Most local economists say we do not have a bubble in Australian house prices. A bit overvalued, yes. But not a bubble. So why is it that overseas economists - such as Nouriel Roubini, the professor at New York University who predicted the collapse of US house prices that led to the global financial crisis, and Yale professor Robert Shiller, joint winner of the Nobel prize for economics - beg to differ?
Another American economist, Harry S. Dent jnr, in his new book: The Demographic Cliff- he's promoting it in Australia next month - makes special mention of Australia. He believes that house prices are unsustainable. But while others warn of a bubble in Australian house prices, Dent also identifies a possible deflation trigger - a crash in the Chinese housing market.
Are we heading for a house price catastrophe?
American economist Harry S. Dent, Jr. predicts Australian house prices could fall as much as 27 per cent. Personal finance editor John Collett and columist David Potts investigate.
While Sydney and Melbourne house prices are high at almost 10 times income levels, the ratio is 35 times in the major Chinese city of Shenzhen. Dent says the collapse of Chinese housing prices will be the biggest housing crash in history. It will cause commodity prices to rapidly fall and cause the fall of Australian house prices.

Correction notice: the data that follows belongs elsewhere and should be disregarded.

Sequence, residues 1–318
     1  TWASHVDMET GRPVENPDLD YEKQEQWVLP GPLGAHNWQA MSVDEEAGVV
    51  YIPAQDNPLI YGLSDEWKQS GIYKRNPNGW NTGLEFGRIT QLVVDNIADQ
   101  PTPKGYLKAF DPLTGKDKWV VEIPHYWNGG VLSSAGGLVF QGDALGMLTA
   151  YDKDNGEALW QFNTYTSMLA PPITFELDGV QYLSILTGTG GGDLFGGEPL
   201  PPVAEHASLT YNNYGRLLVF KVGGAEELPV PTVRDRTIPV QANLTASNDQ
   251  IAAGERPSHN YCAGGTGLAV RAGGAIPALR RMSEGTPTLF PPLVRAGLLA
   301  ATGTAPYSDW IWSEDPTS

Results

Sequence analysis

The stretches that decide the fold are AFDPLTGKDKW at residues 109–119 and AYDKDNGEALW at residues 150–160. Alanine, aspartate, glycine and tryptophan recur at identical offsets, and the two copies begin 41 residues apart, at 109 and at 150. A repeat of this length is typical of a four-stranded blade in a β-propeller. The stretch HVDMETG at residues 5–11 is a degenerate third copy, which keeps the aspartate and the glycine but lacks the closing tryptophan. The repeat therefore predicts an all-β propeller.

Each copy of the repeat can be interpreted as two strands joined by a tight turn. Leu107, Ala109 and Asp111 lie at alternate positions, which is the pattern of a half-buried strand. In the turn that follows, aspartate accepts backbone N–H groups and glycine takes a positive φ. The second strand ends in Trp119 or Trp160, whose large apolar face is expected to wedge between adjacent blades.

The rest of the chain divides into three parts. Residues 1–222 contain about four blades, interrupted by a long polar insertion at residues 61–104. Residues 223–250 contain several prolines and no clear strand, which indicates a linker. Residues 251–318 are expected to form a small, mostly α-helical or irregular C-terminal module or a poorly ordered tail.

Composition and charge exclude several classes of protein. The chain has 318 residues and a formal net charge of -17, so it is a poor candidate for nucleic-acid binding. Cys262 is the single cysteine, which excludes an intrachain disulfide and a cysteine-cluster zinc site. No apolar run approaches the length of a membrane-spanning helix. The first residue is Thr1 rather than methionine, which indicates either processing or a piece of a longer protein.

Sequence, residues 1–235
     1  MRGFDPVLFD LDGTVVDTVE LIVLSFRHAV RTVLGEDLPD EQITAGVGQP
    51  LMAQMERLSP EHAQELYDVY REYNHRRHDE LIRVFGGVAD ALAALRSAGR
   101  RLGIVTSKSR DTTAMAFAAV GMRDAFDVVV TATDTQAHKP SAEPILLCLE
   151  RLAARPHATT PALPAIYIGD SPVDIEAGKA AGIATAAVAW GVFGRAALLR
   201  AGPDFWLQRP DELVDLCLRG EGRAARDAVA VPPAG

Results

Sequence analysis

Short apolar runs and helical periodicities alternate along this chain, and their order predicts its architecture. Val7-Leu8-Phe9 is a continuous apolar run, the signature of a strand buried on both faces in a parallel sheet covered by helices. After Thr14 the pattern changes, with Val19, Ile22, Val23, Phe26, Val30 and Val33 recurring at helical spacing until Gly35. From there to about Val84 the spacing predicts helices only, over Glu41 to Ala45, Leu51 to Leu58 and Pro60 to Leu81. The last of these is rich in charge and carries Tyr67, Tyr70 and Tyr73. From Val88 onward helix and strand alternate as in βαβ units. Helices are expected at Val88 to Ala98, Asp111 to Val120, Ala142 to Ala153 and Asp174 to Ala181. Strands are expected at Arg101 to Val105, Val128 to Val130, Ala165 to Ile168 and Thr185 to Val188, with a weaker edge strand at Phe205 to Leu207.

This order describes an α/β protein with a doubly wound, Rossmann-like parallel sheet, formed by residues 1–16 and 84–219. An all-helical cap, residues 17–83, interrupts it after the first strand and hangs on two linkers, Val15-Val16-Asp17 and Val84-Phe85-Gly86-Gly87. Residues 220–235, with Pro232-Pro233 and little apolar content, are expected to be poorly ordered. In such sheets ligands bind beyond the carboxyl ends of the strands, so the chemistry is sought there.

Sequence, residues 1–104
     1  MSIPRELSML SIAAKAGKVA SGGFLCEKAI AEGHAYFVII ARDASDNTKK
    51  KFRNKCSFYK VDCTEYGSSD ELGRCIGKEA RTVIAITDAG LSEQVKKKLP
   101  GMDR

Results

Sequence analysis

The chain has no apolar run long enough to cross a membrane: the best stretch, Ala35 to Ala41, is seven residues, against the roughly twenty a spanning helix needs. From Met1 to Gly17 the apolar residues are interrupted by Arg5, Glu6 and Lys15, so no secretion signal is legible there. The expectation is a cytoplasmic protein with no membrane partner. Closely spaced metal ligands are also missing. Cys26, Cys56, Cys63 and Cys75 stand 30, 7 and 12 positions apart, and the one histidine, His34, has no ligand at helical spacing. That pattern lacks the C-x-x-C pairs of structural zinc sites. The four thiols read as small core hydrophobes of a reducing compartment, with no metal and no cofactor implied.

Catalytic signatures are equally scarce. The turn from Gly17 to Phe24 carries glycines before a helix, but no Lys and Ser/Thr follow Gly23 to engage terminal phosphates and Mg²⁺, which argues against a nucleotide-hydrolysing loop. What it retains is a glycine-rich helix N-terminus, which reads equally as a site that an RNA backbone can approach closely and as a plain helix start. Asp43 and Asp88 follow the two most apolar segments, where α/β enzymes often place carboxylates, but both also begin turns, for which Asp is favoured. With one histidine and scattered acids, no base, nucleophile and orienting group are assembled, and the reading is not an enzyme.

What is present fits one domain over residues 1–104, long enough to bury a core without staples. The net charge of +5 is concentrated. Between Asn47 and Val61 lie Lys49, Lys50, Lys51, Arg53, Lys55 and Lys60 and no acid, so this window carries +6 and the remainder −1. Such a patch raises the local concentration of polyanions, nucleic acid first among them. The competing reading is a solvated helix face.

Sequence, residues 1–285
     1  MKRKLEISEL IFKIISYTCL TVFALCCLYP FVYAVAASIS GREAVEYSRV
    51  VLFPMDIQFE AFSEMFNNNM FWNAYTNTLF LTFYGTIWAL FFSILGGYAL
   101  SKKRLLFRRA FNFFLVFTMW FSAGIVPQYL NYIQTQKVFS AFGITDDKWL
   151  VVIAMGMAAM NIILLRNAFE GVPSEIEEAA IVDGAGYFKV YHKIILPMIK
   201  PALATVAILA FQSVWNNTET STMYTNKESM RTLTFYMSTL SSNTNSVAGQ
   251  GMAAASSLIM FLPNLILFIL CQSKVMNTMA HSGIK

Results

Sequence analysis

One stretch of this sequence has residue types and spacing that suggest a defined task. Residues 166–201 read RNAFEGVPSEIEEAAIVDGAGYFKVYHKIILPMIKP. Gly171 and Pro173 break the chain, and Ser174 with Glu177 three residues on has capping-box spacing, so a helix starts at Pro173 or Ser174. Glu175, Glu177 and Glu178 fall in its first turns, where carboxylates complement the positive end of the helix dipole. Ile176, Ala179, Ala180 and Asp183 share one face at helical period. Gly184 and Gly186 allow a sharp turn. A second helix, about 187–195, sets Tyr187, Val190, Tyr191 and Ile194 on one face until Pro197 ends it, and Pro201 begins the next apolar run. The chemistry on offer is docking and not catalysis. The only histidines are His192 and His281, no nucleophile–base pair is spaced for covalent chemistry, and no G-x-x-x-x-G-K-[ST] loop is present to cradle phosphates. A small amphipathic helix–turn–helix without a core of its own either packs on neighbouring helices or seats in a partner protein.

At a ''bare minimum'' [Sydney] home prices will fall 27 per cent and return to what they were in 2005, Dent says. Dent writes a widely followed financial newsletter and his 2009 book, The Great Depression Ahead, was a bestseller. He tends to analyse economic trends through demographics. And Australia's population is ageing more slowly than many other developed countries.
Dent says Australia sailed through the global financial crisis, ''but this time around your real estate is among the most overvalued in the developed world, commodity and resource prices are falling and China has the greatest real estate bubble that looks set to burst''.
But do Dent and others have sufficient understanding of Australian real estate? Or are they putting Australia alongside other countries on fairly simple metrics? Unlike most of the rest of the developed world, we live in a handful of cities where the release of land on the outskirts of the cities is constrained and immigration remains strong. The tax system favours home ownership and property investment.
For investors there is ''negative gearing'' where, if the rent does not cover the interest the shortfall reduces the investor's tax liability. And the primary residence is treated very favourably under social security rules. The family home is not counted under the assets test that applies to the age pension. The generous tax breaks help induce the strong demand for property.
Whether we are in bubble territory or not, the good news is that the rapid price rises of the past year have moderated.